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If you have not received a response from our team or your submitted documents show as pending in your portal, please know these are in queue to be reviewed in the order they are received. Submitting multiple emails, portal messages, or phone calls adds time to the review process for our team and results in additional delays in our ability to respond to inquiries.  


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We understand the importance of timely and complete responses and serving you is our number one priority. Please help us help you by submitting one inquiry only.  


Thank you for your patience during this time. 

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By Julie Komanetsky, Vice President, Patient and Family Services, The National Children's Cancer Society  |  Aug 15, 2019

Help for Pediatric Cancer Patient Caregivers

By definition, parents are their child’s number one caregiver. However, when that child has cancer, “caregiving” takes on a completely new meaning and many new challenges.

Julie Komanetsky

Julie Komanetsky, The National Children’s Cancer Society

Consider the journey: A child is born, and the proud parents wait for a little cry.  They count ten fingers and ten toes and they give thanks for the healthy addition to their family.  Cancer is the farthest thought from their minds.  After all, cancer is something that happens to adults—not children, or so they think.

The symptoms are different based on the child and the type of cancer, but parents tell us stories of trusting their intuition when their child ends up sick and doesn’t seem to recover after a few days.  They push for testing beyond what’s normal.  They know something isn’t right.  Still, when the doctor walks into the room to tell them that their child has cancer, parents are devastated.

Caregiving Takes on New Meaning

Cancer is a diagnosis that impacts the entire family, oftentimes sending them into a tailspin as they adapt to their new role as cancer patient caregivers.   One mom, whose son Zach was diagnosed with rhabdomyosarcoma at age 2, told The National Children’s Cancer Society (NCCS):

“Those first few days after his diagnosis, I couldn’t eat, couldn’t sleep, and couldn’t think. I was afraid he wouldn’t live to see age three.”

Her reaction is common.  Parents are faced with the immediate need to learn about their child’s cancer and treatment plan.  They are further challenged with maintaining their households, taking care of their other children, missing work and ensuring the family’s financial stability.  And one of their most difficult struggles, yet most basic needs, is simply getting their child to and from treatment.

And then they find NCCS.  Most often, they are referred by a social worker at the hospital for help with the financial burden of childhood cancer, but soon discover we can also help with their emotional struggles through our Family Support Program.

Supporting Family Caregivers

The NCCS works tirelessly and compassionately to support families making their way through the daunting world of childhood cancer.  We know how to navigate this world, helping families get where they need to be—physically, financially, and emotionally—to give them hope, and to give their children the best possible shot at survival.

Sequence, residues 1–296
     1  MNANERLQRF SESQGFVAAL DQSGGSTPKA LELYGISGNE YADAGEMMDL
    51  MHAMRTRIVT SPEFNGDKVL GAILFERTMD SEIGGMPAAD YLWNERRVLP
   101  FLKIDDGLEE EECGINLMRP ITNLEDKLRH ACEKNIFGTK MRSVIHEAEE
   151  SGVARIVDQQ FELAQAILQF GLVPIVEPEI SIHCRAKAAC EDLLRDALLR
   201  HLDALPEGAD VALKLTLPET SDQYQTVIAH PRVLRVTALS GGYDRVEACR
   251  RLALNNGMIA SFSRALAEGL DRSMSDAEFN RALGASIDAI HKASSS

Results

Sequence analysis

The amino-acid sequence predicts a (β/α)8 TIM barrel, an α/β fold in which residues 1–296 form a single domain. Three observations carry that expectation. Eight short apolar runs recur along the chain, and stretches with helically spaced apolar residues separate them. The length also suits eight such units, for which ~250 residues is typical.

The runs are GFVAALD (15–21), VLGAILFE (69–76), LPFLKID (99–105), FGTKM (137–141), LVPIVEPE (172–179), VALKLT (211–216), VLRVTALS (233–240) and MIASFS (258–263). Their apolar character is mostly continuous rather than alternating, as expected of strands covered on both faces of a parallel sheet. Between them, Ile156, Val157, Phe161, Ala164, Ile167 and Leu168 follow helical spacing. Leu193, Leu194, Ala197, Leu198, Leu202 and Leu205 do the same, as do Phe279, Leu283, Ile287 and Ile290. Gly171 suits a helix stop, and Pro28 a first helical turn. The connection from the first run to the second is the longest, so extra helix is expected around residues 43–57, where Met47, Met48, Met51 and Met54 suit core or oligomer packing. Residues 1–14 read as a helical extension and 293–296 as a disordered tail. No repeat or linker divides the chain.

Our dedicated staff is here to provide practical and emotional support to parents, caregivers and survivors.  Once a family is referred to the NCCS, a case manager is assigned to them who stays by their side throughout their cancer journey.  Our case managers are trained professionals who help during difficult times, encourage parents to advocate for their child, provide referrals, and perhaps most importantly, they listen when a parent just needs to talk, and they comfort when a parent just needs to cry.



Our support is critical for families like Hazel’s.  Hazel is the youngest of four and was diagnosed with leukemia when she was two.  She recently turned four years old and continues to receive chemotherapy at a hospital two hours from home during the maintenance phase of her treatment.  Hazel’s dad, Nat, recalls the past year as the toughest of his life, describing it as excruciatingly hard for his entire family, as cancer changed their lives entirely but never destroyed their family bond.  Nat shares:

“My family is stronger today because of our journey with cancer, and here’s why: people.  The people we have met during this process have been unforeseen blessings, providing comfort, support, love and respect at every turn.  We have met doctors, nurses, administrative staff, individuals and professionals from all walks of life that helped provide the stilts to prop my family up as we struggled to manage our situation.  Some of the most cherished people have been representatives from The National Children’s Cancer Society.”

At The National Children’s Cancer Society, we create a clear path through the maze of childhood cancer and survivorship to help families stay strong, stay positive and stay together.  Because no family should have to go through childhood cancer alone.

About the Author

Julie Komanetsky has tirelessly and compassionately served with The National Children’s Cancer Society (NCCS) for more than 20 years. She is currently the Vice President of Patient and Family Services, overseeing all NCCS programs, taking a “no matter what” approach, to create a clear path through the labyrinth of childhood cancer and survivorship to help families stay strong, stay positive and stay together. She is a member of both the Association of Pediatric Oncology Social Workers and the Grant Professionals Association.


Categories: Caregiving, General
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